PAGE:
"Yeah." I pivot to one side, keeping him in full view, but glance toward the back of the little girl disappearing from sight. The guilty feeling that I'm losing her is almost as strong as the surge of relief that she's gone. No longer my responsibility.
No one else will save her.
I suppress a shudder and ignore Sam's words. Focusing on drawing a single deep breath, I release the bolt and draw my hand out of my pocket, fix my attention on the guy in front of me. It didn't take me more than a few days after I ran away to learn that noticing the details keeps me alive—both in and out of the attic. This situation is no different.
Cameron is tall with broad shoulders and chin-length brown hair. Olive skin, nose slightly broader than it should be. His jeans and red short-sleeved shirt fit him well but don't look new. He's confident, poised, and calm.
His stance tells me that he can more than hold his own in a fight, but that's not what I need help with. A genius is what I need, a criminal wizard. The hazel eyes returning my gaze are inspecting me as well. I can't deny the intelligence there. He might be smart, but he's too young. Not what I'm looking for.
"Thank you for coming, Cameron, but it's not going to work out." I turn and walk away, my suitcase wheels clicking rapidly on each crack in the sidewalk. Click, click, click, click—the rapid pulse of a city that seems as alive as the people that reside here. Each part of Philly is different. One section is a cozy tree-lined neighborhood, the next a bustling center of business. It makes me feel safe, like death can't follow me here. Even though deep inside I have no doubt death can follow me anywhere.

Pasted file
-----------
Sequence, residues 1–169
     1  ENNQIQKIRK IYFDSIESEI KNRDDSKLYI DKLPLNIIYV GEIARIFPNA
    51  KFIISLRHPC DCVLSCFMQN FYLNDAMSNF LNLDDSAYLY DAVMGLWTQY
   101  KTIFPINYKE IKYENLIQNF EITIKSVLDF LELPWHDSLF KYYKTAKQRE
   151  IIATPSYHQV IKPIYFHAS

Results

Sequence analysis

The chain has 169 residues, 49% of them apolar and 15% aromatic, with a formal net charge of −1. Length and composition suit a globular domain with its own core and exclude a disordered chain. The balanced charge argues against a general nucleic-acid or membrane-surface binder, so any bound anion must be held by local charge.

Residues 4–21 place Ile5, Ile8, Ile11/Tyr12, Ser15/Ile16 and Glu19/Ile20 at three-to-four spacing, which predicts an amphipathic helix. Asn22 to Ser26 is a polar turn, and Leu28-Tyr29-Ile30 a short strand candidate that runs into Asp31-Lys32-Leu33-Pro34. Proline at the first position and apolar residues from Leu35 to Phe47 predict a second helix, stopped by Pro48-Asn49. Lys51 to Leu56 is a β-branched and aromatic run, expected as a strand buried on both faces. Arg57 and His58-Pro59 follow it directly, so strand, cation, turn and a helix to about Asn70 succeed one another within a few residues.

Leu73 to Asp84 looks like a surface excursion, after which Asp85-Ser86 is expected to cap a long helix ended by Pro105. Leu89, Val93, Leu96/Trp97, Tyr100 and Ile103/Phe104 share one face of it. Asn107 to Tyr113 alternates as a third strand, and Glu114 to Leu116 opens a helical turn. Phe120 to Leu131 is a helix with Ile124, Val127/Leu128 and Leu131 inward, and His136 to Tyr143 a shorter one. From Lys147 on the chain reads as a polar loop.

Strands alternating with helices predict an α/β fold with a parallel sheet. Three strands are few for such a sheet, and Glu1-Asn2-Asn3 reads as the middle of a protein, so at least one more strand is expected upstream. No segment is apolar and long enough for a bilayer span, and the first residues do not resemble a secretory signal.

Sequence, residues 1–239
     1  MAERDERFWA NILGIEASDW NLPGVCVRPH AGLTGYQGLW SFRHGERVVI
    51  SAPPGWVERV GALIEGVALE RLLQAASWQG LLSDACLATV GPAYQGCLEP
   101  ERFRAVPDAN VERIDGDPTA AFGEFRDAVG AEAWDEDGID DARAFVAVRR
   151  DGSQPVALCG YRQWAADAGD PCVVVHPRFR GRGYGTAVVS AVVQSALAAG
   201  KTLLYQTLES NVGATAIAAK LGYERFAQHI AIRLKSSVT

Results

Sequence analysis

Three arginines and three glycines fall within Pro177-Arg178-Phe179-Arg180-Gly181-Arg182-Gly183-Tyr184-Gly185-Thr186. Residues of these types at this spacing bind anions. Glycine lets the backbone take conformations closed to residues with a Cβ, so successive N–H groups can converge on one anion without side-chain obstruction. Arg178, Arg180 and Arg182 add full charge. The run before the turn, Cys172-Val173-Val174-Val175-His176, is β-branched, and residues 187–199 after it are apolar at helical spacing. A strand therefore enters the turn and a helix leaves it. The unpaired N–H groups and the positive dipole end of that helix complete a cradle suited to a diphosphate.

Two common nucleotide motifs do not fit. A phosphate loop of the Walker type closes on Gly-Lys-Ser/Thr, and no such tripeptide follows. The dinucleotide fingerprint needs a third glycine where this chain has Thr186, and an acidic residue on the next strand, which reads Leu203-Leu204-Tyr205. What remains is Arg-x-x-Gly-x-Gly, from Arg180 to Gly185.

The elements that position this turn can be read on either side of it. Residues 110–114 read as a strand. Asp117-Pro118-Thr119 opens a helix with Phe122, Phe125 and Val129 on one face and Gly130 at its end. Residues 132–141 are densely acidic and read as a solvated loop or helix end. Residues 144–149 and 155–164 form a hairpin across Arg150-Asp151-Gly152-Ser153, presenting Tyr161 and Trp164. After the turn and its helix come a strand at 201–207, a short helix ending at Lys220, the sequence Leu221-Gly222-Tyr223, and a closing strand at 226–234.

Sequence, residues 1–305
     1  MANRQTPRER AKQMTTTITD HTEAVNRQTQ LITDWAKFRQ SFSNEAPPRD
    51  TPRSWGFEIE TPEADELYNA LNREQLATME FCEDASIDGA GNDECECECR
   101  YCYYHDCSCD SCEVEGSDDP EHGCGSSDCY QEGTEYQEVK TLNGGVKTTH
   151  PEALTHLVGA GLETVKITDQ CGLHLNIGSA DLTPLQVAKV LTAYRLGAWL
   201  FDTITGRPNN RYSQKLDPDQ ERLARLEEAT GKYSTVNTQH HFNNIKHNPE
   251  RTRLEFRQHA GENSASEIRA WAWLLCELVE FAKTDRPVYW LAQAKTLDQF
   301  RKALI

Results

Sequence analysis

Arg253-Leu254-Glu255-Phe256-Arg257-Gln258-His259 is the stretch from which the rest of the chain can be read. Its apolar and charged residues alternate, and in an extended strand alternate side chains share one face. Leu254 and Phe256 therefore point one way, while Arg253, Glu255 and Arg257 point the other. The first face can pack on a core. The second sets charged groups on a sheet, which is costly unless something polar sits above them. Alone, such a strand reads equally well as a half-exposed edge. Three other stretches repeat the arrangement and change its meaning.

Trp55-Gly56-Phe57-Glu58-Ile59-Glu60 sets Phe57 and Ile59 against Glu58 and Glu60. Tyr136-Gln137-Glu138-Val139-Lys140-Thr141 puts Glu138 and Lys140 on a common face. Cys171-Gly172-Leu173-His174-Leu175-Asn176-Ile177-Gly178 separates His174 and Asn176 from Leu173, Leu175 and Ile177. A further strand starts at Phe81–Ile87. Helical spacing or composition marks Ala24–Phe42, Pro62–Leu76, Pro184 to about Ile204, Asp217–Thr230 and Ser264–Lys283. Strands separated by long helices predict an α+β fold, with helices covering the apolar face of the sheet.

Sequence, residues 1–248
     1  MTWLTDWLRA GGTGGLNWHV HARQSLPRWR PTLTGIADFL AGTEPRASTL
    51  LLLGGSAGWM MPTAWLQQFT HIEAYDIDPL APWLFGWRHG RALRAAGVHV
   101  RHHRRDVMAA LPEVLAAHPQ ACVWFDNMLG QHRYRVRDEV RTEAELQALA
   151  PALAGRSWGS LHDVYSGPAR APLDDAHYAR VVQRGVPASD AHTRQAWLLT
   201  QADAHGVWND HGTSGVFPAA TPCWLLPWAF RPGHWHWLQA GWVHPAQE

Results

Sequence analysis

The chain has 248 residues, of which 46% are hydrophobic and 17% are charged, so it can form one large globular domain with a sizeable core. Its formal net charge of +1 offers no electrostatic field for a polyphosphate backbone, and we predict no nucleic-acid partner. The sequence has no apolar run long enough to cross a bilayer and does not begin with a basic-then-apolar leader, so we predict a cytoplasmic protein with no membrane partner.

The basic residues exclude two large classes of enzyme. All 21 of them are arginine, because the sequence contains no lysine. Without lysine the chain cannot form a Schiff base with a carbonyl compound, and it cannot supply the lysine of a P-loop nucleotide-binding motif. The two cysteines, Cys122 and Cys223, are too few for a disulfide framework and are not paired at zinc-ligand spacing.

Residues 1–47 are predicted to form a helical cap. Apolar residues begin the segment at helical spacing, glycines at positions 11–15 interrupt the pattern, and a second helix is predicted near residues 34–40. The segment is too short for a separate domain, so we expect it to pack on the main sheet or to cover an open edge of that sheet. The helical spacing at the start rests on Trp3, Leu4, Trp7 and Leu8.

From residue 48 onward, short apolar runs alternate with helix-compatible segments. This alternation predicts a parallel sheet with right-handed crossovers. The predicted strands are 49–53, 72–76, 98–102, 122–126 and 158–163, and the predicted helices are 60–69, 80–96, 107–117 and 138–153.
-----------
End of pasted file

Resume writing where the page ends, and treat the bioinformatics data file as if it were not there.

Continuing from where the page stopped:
A second later he's walking beside me, his long legs easily matching my fastest pace. "Call me Cam."
"Fine, Cam." I don't miss a step even though the name is a little too close to my brother's for my comfort. "It's still not going to work out."
He glances at my luggage. "Looks like you gave up on me before we met. Either that or you're the youngest flight attendant I've ever seen. You have a flight to catch or something?"
"No. I just think we're done here." I shift my suitcase to my other side so I can be between him and it. Any future I might build depends on keeping it safe.
"And can I ask why?"
"You're too young."
He laughs, but it sputters like a dying car when he sees I'm serious. Then he lifts an eyebrow. "When you're the best, age doesn't matter. Besides, how old are you? Fifteen?"
"Seventeen." I don't admit that I'm not entirely certain. Time was so hard to track in the attic. And even before I'd been stuck in there when I was six, one of our neighbors—an old woman whose name I wish I could remember—was the only person who'd ever wished me a happy birthday. There is very little I can remember from the time before the Father. It wasn't good, but it was better. The pain was still there, it was just different. Exchanging hunger pains for bruises and scars wasn't my idea of an upgrade. Six years with the Mother and her addictions, then ten years with the Father and his.